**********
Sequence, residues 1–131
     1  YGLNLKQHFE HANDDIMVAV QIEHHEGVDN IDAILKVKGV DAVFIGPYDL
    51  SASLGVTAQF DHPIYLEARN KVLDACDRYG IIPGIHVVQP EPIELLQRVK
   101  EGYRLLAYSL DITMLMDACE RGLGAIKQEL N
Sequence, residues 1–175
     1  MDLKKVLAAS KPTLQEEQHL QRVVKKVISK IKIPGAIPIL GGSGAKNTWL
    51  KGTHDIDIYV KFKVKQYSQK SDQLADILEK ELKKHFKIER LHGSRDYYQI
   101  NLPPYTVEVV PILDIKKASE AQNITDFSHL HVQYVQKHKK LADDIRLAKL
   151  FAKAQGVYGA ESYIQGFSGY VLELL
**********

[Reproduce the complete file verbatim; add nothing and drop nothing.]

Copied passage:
Sequence, residues 1–131
     1  YGLNLKQHFE HANDDIMVAV QIEHHEGVDN IDAILKVKGV DAVFIGPYDL
    51  SASLGVTAQF DHPIYLEARN KVLDACDRYG IIPGIHVVQP EPIELLQRVK
   101  EGYRLLAYSL DITMLMDACE RGLGAIKQEL N
Sequence, residues 1–175
     1  MDLKKVLAAS KPTLQEEQHL QRVVKKVISK IKIPGAIPIL GGSGAKNTWL
    51  KGTHDIDIYV KFKVKQYSQK SDQLADILEK ELKKHFKIER LHGSRDYYQI
   101  NLPPYTVEVV PILDIKKASE AQNITDFSHL HVQYVQKHKK LADDIRLAKL
   151  FAKAQGVYGA ESYIQGFSGY VLELL